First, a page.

Windmills, Solar Panels Compete for Green Dominance of Golan

The huge wind turbines on Bashanit ridge in the northeastern Golan Heights have become a symbol of the area. But these days, the monster turbines have taken a back seat as an alternative energy source to the solar panels installed in the region over the past year.

Shimon Keinan has installed photo-voltaic cells on the roof of his shofar factory in Moshav Givat Yoav in the southern Golan Heights, and is very pleased.

"I'm glad to be part of a 'green' enterprise in the Golan, in which dozens of systems like mine have been installed," he said.

Back at the Bashanit ridge wind farm, Avi Zeira was working all day to tighten the screws of the turbines. Zeira, the head of Ruhot Hagolan (Golan Winds) first built the turbines 25 years ago.

His dream that some day there would be dozens more like them of various sizes throughout the region still has not come true and Avi sounds as depressed as Keinan sounds pleased.

"Bureaucratic obstacles are what is preventing the great breakthrough in wind energy," he said.

Some 150 photo-voltaic systems have been installed on rooftops of the Golan's poultry runs and cowsheds to utilize the sun's energy. Avi Malka, head of the Golan Regional Council, says about 200 systems have been approved for installation.

"At this point the solar systems produce about seven megawatts of electricity, while the 10 wind turbines on Basahanit ridge produce six megawatts altogether," Malka said.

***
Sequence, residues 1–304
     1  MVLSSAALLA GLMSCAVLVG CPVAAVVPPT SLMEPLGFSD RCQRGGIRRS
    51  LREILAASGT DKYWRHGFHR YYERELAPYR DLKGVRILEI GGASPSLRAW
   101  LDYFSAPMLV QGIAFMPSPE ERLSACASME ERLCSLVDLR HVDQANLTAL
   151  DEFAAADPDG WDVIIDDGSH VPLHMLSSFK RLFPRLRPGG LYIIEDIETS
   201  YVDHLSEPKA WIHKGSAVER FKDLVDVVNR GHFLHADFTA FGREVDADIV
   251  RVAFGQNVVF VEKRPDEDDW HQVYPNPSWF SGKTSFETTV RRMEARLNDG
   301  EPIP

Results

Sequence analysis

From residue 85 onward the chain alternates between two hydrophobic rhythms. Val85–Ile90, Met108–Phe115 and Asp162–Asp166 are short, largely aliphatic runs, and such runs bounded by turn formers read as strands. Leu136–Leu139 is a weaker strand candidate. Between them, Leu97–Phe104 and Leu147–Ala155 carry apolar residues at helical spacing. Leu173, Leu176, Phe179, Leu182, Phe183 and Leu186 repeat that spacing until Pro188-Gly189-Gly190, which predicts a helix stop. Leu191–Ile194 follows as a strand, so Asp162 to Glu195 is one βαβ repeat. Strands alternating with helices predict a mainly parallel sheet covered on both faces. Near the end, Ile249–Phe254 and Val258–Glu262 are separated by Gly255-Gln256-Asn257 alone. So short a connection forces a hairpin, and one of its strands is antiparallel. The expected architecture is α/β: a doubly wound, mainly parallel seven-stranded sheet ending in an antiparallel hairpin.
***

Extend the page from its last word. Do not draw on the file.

In Katzrin, the Golan's unofficial "capital," the plates have also been installed on the roof of commercial premises in the industrial zone by a private entrepreneur, at a cost of NIS 1.2 million.

But in about five years, if the giant initiative to produce "green" energy throughout Israel comes to fruition, wind energy could win out after all.

"We are promoting a plan to establish about 150 wind turbines in the northern Golan," with each turbine which will produce two megawatts of electricity. "The Golan will produce energy for the whole Eastern Galilee," Malka says.

A company has already been established to build a wind farm will in the northern Golan valley known as the Vale of Tears with investments already made amounting to some $120 million.

As for Avi Zeira's project, he may have the wind at his back after all: His 10, 30-meter-tall turbines are to be dismantled and replaced with eight new ones - 80-meters tall.